Rev. John Brown’s Family Bible or “Self-interpreting Bible” remained in print (edited by others), until well into the twentieth century. He explains in the preface, that the Brown’s Family Bible “is to present the labours of the best commentators, in a manner that might best comport with the ability and leisure of the poorer and labouring part of mankind, and especially to render the oracles of God their own interpreter.” In other words, he wrote it for the common person, so they could read, study, and understand the Bible. This Bible is an illustrated late Victorian family Bible using the beloved King James text, augmented by John Brown of Haddington’s comprehensive Bible study aids. It was illustrated with 47 illustrations (29 in color), and handsomely leather bound. So, it was the Bible of choice in the “United Secession Churches” which was a Scottish Presbyterian denomination.
It was self-interpreting due to the copious explanations and cross-references surrounding the core King James Version (KJV) text. So, the commentary and notes are also a thorough and effective paraphrase of the entire Bible. For example, on the following page from Genesis, the notes are longer than the actual text.
Brown’s Family Bible Introduction
The multi-chapter introduction includes the geography and history of the biblical nations. In which, Rev. Brown viciously exposes Islam for what it is – an evil religion. In it, he describes Muhammad’s followers as locusts and scorpions, with men’s beards, but hair braided like women’s, who ravaged and murdered the nations. They pretended to a masculine religion but their character was marked by lust for women, revenge, and cruelty. Which, in my opinion, is a relatively accurate assessment. Consequently, he came to this conclusion in the late 1700s and his assessment still stands true today. The Jew and Monk addressed below refer to the men Muhammad studied under after receiving his false revelation. Then he took both religions and his “revelation” and merged them into the evil heretical cult known as Islam in about 608 A.D.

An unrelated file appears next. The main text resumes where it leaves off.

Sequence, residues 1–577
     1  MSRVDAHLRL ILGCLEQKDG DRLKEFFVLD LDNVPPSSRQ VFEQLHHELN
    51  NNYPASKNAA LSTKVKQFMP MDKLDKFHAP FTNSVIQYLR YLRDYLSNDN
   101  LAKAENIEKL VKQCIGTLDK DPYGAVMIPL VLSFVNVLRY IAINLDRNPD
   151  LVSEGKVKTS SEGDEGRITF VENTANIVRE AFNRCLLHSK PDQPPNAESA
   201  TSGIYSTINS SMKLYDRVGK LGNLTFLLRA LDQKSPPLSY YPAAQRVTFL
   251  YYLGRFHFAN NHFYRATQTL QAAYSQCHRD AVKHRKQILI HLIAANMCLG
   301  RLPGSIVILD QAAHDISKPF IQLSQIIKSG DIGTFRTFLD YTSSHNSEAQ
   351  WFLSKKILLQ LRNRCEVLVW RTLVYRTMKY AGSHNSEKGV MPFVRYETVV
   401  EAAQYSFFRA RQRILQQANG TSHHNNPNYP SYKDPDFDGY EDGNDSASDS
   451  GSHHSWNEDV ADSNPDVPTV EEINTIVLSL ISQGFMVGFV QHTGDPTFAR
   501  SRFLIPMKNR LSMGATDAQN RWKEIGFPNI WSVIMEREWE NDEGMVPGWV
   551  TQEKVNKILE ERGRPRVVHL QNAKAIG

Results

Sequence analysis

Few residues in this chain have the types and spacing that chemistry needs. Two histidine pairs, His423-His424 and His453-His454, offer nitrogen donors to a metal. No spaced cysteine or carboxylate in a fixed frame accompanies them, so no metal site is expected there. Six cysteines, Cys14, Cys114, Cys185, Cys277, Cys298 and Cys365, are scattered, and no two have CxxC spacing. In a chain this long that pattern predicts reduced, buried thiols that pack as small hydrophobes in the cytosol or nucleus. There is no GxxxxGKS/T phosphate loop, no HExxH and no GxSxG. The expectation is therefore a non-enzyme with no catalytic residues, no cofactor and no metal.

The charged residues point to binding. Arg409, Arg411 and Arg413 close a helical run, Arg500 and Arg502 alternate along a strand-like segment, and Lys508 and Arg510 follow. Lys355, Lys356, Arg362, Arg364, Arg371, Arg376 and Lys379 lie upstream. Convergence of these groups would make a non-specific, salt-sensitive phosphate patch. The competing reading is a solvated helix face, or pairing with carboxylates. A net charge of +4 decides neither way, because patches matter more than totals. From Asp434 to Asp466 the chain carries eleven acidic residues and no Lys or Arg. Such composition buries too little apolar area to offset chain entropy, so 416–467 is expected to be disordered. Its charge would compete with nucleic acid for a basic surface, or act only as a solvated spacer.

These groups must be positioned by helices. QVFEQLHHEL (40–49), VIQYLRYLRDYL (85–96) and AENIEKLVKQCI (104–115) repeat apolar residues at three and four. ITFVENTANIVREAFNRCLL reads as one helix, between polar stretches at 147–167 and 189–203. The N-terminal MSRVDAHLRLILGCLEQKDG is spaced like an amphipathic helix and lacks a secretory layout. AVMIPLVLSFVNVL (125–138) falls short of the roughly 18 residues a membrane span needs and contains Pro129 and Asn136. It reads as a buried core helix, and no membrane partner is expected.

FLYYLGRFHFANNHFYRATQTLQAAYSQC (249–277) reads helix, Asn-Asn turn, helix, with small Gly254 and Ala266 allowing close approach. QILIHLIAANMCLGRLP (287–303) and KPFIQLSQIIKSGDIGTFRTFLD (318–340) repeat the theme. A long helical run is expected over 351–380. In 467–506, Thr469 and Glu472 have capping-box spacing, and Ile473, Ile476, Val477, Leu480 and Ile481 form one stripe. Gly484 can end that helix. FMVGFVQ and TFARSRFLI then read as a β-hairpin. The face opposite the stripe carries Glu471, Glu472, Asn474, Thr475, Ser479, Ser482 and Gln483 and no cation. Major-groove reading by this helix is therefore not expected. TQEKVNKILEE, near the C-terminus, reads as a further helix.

“About A.D. 608, Mahomet, a crafty Ishmaelite, assisted, it is said, by a villainous Jew and a treacherous Christian monk … contrived a religious system … promising to those who embraced it manifold carnal enjoyments, both in time and in eternity.” Rev.John Brown
Brown’s Family Bible Final Comments
The KJV based Brown’s Family Bible is a wonderful example of what you can accomplish with dedicated study. John Brown was too poor to attend school regularly, but he made excellent use of the very limited formal education he received. He expounded on that education with self-study and a dedicated search for knowledge. While his doctrine and theology had a few flaws, he was an outstanding teacher and preacher of God’s Word. According to his peers, his preaching was earnest, simple, and direct as if he had never read any other book but the Bible.
Brown had six sons, from two marriages, of whom four became ministers, and another the provost of Haddington. His sons included:
Rev John Brown (1754-1832) minister of Whitekirk
Rev Ebenezer Brown (1758-1836) minister of Inverkeithing
Rev Thomas Brown (1776-1828) minister of Dalkeith
Samuel Brown (1779-1839) merchant in Haddington
David Brown (1782-1827) bookseller at 16 South St Andrew St in Edinburgh
Rev William Brown MD (1783-1863)